When Small Savings Add Up to a Lot of Money

Sometimes a little adds up to a lot. I recently met a CSRS employee who did not to participate in the Thrift Savings Plan in 1987 when he was eligible to start. How much in potential savings did this employee pass up?

Sometimes a little adds up to a lot. I recently met a CSRS employee who told me he chose not to participate in the Thrift Savings Plan in 1987 because he was only allowed to contribute 5% of his salary, got no government match and was restricted to investing in the G fund. About 20% of CSRS employees do not participate in the TSP; roughly 10% of FERS employees also choose not to participate.

How much in potential savings did this employee pass up? I made several assumptions in calculating the amount he would have today. The first assumption was that he began contributing at 5% and never raised the percentage. The second assumption was that he was making $30,000 in 1987 and $60,000 today. The third assumption was that he remained in the G fund, which gave him an annual return of 5.93% between 1987 and 2011 (this return was taken from the G fund fact sheet on the TSP website).

He would have just a little short of $120,000 today if he had begun in 1987 and stayed the course for 24 years. At a relatively safe 5% rate of withdrawal, that would result in an annual income of $6,000 that could be adjusted annually for inflation and would likely last him for his lifetime.

He could have had more in the TSP if:

  • His salary grew more quickly than I assumed.
  • He increased the percentage he saved once CSRS employees were allowed to contribute more than 5%.
  • He had diversified his holdings to other funds. The other two “original” funds grew as follows:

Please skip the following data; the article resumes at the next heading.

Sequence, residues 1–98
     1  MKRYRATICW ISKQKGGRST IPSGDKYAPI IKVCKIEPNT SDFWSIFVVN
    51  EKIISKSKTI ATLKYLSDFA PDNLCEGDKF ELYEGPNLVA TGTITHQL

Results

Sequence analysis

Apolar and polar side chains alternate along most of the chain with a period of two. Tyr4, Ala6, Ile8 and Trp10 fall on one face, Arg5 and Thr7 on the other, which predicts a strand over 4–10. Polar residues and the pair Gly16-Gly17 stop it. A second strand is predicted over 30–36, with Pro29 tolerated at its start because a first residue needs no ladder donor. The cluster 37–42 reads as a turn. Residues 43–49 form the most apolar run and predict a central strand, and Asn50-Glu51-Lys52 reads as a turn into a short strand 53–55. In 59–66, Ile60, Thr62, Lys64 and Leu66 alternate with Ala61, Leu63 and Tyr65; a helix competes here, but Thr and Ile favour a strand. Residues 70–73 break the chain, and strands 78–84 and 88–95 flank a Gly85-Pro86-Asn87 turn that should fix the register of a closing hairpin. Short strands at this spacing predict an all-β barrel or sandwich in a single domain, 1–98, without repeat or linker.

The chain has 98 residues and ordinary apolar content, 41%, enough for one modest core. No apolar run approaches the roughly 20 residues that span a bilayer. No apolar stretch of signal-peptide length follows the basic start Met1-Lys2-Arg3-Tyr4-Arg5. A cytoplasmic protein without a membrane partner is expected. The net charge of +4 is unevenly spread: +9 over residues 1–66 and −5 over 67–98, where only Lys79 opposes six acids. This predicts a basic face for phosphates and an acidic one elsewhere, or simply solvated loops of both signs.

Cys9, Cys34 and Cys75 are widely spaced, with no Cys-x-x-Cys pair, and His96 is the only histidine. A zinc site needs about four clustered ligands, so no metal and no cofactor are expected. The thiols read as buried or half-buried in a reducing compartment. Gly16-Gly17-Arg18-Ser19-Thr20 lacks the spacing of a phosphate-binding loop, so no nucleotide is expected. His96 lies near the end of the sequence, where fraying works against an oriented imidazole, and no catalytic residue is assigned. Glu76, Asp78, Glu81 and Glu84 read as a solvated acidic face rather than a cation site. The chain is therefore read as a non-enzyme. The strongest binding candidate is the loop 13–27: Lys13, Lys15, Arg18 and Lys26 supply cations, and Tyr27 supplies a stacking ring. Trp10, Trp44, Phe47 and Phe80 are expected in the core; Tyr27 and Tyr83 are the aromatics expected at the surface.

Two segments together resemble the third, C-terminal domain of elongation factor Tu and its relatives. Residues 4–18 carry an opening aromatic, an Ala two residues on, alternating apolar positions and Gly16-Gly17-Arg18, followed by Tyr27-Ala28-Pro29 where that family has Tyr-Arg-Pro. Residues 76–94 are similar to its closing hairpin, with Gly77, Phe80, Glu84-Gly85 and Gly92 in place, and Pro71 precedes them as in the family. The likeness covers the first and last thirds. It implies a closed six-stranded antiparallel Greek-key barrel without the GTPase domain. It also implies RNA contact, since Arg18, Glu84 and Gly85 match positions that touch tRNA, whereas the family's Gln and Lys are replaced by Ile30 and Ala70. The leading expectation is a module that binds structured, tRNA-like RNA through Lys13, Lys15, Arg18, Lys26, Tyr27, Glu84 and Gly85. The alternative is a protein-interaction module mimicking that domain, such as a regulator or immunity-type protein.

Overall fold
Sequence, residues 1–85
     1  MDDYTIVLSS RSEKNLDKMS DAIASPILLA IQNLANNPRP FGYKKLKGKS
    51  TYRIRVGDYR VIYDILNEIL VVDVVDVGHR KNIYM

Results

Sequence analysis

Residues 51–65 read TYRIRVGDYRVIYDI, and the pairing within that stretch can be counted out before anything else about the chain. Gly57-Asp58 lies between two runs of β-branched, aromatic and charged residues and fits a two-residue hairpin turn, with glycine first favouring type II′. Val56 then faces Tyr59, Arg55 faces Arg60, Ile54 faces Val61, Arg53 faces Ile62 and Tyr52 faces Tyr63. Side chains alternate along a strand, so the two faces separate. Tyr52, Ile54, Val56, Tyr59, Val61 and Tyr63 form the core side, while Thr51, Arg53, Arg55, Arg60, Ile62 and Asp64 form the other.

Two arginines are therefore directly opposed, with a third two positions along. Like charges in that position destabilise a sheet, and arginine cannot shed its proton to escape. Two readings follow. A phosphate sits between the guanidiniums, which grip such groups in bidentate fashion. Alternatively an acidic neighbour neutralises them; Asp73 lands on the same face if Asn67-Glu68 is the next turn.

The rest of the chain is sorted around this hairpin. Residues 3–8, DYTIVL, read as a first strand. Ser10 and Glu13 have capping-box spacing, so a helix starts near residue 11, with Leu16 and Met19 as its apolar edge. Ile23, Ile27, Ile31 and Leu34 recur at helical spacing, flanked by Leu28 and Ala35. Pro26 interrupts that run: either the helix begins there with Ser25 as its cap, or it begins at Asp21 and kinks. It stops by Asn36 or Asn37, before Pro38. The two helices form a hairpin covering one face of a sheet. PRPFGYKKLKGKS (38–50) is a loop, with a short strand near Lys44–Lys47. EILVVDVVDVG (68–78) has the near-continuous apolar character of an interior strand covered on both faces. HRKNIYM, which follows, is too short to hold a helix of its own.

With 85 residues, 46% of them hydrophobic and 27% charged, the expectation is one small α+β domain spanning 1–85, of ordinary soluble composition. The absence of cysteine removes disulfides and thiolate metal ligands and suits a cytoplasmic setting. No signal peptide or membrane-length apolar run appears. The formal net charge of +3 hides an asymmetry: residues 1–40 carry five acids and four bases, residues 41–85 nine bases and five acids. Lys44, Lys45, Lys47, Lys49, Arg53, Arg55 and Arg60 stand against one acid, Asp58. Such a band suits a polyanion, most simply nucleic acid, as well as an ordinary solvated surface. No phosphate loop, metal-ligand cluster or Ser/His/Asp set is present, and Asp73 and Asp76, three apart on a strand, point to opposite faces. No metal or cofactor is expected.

• The F fund returned 7.34 in the same period
    • The C fund returned 9.78 in the same period.

Before you pass up investing for your retirement and financial future, focus on the long-term. What seems like a small amount today can grow into a much larger amount over time.

Agencies can request to have John Grobe, or another of Federal Career Experts' qualified instructors, deliver a retirement or transition seminar to their employees. FCE instructors are not financial advisers and will not sell or recommend financial products to class participants. Agency Benefits Officers can contact John Grobe at johnfgrobe@comcast.net to discuss schedules and costs.

About the Author

John Grobe is President of Federal Career Experts, a firm that provides pre-retirement training and seminars to a wide variety of federal agencies. FCE’s instructors are all retired federal retirement specialists who educate class participants on the ins and outs of federal retirement and benefits; there is never an attempt to influence participants to invest a certain way, or to purchase any financial products. John and FCE specialize in retirement for special category employees, such as law enforcement officers.